Cleveland buses test infrared cameras to improve pedestrian safety
February 23, 2018
The Ohio city is using connected vehicle technologies to give transit buses early warnings when entering intersections.
At a StateScoop virtual roundtable, smart cities and cybersecurity experts from the private and public sector weigh in on how state and local governments are securing smart cities.
Jake Williams is currently the Associate Publisher & Director of Strategic Initiatives for StateScoop, based in Washington, D.C., where h...
As states and cities rush to get a grip on securing what could be 50 billion connected devices over the next few years, Illinois' top tech official said government needs to change its approach.
Speaking on a StateScoop virtual roundtable, state Chief Information Officer Hardik Bhatt said that since government began integrating technology into its operations more than four decades ago, it was all eventually leading to an “internet for people.” But now, with 7.5 billion mobile devices connected today, not including current Internet of Things devices, the way we define that internet will need to change, Bhatt said.
“Governments have been using technology for government operations, but traditionally this has been deployed in silos,” Bhatt said. “It is an internet for people. What we actually need to move to is an internet for things, so that every device needs to be authenticated and needs to make sure it’s not a rogue or a device that has been captured by some other elements.”
Bhatt is looking to coordinate Illinois' smart efforts under one initiative — Smart State, under which the state’s technology department has released requests for information for smart street lighting and other initiatives. It also has created a center of excellence devoted exclusively to the Internet of Things.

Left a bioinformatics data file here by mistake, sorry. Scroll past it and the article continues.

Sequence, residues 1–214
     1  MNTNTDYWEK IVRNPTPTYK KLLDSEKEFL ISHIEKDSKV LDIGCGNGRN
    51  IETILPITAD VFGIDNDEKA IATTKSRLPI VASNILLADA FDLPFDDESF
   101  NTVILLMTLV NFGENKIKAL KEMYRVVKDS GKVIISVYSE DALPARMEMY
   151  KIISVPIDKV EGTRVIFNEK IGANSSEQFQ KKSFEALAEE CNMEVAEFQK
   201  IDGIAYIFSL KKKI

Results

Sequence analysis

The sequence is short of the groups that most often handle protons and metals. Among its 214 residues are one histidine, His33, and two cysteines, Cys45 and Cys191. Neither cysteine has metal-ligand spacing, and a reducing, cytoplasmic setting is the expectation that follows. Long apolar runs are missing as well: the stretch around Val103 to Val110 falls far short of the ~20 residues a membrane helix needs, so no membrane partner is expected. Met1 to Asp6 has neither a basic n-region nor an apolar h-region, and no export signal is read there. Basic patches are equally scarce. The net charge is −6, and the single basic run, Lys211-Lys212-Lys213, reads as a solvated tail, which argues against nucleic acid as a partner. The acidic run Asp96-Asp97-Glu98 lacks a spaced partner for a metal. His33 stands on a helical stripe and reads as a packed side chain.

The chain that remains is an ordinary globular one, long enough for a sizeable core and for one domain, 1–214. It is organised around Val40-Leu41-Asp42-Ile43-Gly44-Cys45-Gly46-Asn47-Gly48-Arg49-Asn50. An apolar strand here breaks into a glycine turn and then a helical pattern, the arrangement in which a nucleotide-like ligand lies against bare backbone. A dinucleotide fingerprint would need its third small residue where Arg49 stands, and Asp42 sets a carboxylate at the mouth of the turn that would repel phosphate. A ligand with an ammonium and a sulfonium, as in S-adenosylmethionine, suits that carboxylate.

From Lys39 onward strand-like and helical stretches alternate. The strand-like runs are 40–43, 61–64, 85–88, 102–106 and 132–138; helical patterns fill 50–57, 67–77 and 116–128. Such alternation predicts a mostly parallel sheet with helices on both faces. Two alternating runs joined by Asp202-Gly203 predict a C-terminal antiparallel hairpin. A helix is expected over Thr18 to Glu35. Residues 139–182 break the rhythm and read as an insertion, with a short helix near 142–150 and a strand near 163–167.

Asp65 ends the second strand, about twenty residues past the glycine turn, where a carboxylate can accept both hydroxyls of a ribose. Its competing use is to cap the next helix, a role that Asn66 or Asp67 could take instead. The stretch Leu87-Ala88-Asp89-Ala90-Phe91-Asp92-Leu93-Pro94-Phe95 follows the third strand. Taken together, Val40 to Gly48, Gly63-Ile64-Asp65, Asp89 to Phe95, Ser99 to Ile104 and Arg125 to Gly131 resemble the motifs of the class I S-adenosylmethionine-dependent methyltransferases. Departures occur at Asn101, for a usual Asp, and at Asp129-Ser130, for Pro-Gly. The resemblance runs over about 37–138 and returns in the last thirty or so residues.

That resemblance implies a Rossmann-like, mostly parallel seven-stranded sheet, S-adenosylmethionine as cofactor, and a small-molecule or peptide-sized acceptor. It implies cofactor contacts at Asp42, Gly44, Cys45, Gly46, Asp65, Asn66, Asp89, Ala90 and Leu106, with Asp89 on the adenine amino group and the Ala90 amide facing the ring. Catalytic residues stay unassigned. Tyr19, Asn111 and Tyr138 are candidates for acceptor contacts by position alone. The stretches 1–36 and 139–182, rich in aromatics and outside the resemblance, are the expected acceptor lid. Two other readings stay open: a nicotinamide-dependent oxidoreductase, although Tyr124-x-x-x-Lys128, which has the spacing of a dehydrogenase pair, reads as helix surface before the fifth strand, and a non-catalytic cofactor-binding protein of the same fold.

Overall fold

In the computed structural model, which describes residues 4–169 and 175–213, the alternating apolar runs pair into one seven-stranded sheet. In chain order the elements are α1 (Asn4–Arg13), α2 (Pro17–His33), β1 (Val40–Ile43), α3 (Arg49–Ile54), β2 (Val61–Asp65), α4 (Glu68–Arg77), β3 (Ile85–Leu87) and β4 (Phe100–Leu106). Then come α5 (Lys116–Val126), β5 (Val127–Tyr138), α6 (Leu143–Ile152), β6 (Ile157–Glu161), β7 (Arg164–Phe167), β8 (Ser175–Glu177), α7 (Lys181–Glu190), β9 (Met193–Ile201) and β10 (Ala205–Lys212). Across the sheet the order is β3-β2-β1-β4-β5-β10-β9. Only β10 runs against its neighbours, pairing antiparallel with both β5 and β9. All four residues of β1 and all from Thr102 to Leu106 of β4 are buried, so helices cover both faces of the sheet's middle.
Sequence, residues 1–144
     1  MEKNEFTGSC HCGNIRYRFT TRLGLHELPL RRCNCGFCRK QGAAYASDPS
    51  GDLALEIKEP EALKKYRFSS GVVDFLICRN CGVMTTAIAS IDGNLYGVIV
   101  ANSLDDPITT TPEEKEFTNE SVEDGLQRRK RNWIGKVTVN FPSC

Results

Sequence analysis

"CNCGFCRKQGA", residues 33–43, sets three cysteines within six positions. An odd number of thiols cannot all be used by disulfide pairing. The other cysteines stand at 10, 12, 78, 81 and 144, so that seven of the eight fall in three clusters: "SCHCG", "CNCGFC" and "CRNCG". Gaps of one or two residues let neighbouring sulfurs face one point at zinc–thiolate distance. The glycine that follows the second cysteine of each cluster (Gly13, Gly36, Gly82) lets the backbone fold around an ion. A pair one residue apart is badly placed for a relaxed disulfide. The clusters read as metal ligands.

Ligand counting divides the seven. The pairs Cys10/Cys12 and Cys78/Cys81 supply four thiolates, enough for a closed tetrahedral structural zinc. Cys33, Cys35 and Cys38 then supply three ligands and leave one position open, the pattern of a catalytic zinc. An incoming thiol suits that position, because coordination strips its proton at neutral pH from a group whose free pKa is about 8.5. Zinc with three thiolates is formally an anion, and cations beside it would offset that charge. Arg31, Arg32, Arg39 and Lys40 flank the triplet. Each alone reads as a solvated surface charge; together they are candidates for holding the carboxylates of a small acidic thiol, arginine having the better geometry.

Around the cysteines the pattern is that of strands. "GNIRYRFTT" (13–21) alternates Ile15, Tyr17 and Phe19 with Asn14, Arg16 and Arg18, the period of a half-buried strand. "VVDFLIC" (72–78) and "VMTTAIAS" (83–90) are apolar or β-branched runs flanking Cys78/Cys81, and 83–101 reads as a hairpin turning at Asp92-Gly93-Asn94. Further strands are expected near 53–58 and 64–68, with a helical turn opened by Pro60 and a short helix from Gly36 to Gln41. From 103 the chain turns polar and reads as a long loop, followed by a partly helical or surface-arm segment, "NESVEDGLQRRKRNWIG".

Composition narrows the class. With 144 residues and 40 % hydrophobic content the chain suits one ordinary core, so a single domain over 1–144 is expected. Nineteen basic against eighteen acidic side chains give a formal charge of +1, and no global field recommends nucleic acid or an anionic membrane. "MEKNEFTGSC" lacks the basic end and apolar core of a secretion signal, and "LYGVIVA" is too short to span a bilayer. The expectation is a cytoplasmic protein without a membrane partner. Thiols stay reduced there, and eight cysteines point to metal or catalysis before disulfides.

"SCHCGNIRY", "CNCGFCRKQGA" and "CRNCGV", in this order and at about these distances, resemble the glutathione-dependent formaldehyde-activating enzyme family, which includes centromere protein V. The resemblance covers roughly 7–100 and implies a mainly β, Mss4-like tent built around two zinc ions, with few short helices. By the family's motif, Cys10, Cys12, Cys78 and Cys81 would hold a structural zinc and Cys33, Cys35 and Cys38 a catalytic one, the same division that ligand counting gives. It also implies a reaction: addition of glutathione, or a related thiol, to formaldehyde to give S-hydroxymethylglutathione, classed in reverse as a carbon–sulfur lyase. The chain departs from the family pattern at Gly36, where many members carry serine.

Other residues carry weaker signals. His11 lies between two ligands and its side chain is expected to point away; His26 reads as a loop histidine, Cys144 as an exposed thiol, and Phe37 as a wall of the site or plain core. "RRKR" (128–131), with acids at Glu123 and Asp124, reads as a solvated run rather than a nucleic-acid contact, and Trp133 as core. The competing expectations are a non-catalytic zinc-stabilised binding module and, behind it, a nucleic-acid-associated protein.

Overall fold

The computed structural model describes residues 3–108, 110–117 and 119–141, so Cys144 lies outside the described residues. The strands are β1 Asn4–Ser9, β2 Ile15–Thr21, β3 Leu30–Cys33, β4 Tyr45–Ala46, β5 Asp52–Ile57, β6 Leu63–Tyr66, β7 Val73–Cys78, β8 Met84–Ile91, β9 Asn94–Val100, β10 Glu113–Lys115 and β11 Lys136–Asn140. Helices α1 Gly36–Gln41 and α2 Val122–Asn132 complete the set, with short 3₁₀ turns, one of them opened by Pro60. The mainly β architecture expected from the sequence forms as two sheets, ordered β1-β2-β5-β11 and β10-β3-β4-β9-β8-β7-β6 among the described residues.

The state’s chief information security officer is integrated into the center so that a focus on cybersecurity is already built into the process.
Peter Tran, RSA’s advanced cyber defense technologies lead, agreed with Bhatt and said the threat landscape for government is changing rapidly.
“It’s quite overwhelming, and it’s beyond just connecting billions of devices,” Tran said. “Intrusions are going to happen every day, so as we drive connected living, security gets driven right down to the user instead of the network itself.”
Looking forward a decade ahead, Tran said he expected governments to collaborate better on cybersecurity in a connected world — not because they want to, but because they need to.
“If we look at the 2030 horizon, I think there is going to be an interlock closely between local, state, federal and the private industry acting closer together through the smart connected enhanced living,” Tran said. “You’re going to start to see a push towards the interlock that the federal government can be a lot more dependent on state, local collaboration.”
In the discussion:
This virtual roundtable was sponsored by RSA Security.